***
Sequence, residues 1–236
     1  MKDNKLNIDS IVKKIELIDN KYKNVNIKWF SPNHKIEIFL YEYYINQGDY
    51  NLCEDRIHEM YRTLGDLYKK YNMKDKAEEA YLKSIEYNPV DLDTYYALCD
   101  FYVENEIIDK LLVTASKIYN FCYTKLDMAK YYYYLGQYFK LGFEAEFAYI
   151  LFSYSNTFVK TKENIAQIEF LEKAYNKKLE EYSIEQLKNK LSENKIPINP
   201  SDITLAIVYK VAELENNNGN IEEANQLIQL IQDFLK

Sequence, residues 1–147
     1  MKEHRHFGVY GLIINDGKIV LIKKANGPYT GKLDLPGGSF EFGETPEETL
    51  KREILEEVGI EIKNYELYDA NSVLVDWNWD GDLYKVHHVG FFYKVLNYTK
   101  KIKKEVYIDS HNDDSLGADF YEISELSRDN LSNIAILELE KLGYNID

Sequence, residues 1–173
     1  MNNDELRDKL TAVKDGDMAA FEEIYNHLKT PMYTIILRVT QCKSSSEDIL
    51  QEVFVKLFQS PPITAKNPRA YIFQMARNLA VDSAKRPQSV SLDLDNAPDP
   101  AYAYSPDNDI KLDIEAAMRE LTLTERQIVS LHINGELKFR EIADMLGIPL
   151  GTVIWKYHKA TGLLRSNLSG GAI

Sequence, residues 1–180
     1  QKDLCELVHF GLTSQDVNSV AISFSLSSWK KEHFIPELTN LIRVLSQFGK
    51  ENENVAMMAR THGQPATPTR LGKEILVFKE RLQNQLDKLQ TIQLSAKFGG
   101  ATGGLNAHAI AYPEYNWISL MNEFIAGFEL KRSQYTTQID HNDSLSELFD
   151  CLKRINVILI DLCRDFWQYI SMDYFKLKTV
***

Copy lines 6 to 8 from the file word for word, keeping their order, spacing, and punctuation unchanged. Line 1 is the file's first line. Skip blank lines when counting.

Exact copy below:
   201  SDITLAIVYK VAELENNNGN IEEANQLIQL IQDFLK

Sequence, residues 1–147
     1  MKEHRHFGVY GLIINDGKIV LIKKANGPYT GKLDLPGGSF EFGETPEETL